God’s Folly

Paul’s letters to the Corinthians are a treasure trove.  Throughout these two letters the Spirit sows the seeds that grow into a marvelous succession of images and ways of being that bring us to the heart and soul of the Good News that Paul preaches with clear-sighted focus, vigor and single-minded ardor.

He begins with an appeal to unity.  To begin from oneness so that the rest may proceed from the wholeness and well-being that was the gift of the Creator now through his Son. Jesus’ mission was to regather, to reunite the dispersed tribes of Israel. Now Paul takes this charge up as his mission as well extending his churches as the new creation in Christ, the Israel of God. But there is still wrangling among the coverts as to what this means. Who would they follow? Peter, Apollos, Paul?  No, Paul says, Christ cannot be divided.  With the longer view of two thousand years behind us this sounds like a great irony. For we know that indeed the Christian faith has been dispersed among many factions and denominations. But for Paul what is important is building the body of Christ. One Body. Building a community of faithful who will unite around the one Lord, not any one person’s preaching, but the wisdom of God.

So he begins writing about wisdom. Because the dissention revolves around, again, how to rationalize something that Paul emphasizes at the beginning of Corinthians is not rational. The wisdom that we are shown here is not the wisdom of the reason or philosophy but the wisdom of what appears to the world as folly. That a man would hang on a cross and by doing so bring what he calls salvation to the world. It is this wisdom that looks certainly like folly. This kind of folly that sees strength in powerlessness, not in power. God’s foolishness is wiser than human wisdom. Paul speaks from experience. From his own weakness. But through his weakness the power of the Spirit is released so that he can do the work he has been sent to do.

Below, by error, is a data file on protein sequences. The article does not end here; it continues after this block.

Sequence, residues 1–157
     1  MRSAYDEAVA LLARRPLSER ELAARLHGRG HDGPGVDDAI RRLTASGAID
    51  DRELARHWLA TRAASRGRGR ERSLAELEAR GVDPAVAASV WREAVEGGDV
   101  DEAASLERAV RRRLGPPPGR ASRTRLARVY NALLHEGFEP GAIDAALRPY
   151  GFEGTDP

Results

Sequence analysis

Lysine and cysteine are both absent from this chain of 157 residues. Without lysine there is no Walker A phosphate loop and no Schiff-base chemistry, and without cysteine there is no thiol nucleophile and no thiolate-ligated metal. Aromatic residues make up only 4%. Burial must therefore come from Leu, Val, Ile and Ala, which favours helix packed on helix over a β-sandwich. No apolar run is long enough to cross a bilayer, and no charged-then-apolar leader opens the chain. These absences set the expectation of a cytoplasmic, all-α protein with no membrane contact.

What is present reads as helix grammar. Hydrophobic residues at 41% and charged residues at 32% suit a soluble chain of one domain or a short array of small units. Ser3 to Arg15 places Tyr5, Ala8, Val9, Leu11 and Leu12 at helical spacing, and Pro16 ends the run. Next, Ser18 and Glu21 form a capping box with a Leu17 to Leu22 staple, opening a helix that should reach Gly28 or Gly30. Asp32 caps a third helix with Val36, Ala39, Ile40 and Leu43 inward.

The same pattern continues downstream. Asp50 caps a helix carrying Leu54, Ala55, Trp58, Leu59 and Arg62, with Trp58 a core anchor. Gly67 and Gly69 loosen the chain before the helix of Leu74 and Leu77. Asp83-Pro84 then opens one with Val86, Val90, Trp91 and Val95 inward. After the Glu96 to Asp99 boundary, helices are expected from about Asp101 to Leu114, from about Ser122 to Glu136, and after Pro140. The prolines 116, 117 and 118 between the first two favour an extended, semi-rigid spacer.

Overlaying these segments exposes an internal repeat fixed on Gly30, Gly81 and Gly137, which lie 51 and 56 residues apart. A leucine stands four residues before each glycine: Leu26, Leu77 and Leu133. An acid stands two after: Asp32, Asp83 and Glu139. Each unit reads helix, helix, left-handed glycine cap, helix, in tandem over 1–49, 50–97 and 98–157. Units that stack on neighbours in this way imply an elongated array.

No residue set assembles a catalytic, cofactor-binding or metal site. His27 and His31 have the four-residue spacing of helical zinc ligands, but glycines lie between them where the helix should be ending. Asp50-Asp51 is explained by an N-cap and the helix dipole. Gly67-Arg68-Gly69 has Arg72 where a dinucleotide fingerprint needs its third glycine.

It was unthinkable to the Jews that human sacrifice would bring about the saving of anyone, certainly not the Hebrew people.  This is the foolishness that Paul is addressing. The folly of Christ crucified. And I must say at times it does seem mind boggling. I want to say couldn’t this have come about some other way? Did Jesus have to go through such ignoble humiliation and horrible death? The death of Christ can be a stumbling block to ourselves sometimes as well as the Jews who wanted not this kind of weak, powerless messiah, but a capital M Messiah who would wield an army, conquer their Roman oppressors and set them free, saving them at last, from the exile and save them to be able to worship Yahweh as they believed they were meant to, rather than give tribute to the pagan power of their Roman oppressors. Yet irony of irony again that it would be their Roman oppressors who would hand Jesus over to the religious authorities to execute, so that this thing called salvation could be realized for all.

In Lent we make our march through the wilderness, up the Appian Way, to place we would rather not go. To a scene we would rather not see. To a foolishness we would rather not witness. Even though that scene on the cross-laden hill hovers over all that Paul preaches, its foolishness is God’s foolishness for us. The foolishness of love. The foolishness of a pierce heart reaching out to the world to remind us that no price too high, no cost too dear, in order to gather us all together to that one heart, one community, one Body of Christ.


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